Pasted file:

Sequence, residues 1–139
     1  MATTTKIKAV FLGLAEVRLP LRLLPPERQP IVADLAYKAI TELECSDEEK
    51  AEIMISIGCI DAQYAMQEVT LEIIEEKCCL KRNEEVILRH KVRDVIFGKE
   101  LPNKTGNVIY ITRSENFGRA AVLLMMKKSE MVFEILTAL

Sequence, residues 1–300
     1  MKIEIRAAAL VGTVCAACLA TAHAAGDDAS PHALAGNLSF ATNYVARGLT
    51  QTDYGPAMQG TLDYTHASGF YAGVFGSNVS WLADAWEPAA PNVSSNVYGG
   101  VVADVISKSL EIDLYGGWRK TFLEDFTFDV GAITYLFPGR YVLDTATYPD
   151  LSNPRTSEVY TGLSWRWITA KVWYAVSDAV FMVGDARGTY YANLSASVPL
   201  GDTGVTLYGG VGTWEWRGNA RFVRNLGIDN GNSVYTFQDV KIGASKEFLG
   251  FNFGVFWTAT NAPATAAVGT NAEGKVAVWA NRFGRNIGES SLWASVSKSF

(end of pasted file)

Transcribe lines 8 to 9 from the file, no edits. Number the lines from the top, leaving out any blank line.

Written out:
   101  VVADVISKSL EIDLYGGWRK TFLEDFTFDV GAITYLFPGR YVLDTATYPD
   151  LSNPRTSEVY TGLSWRWITA KVWYAVSDAV FMVGDARGTY YANLSASVPL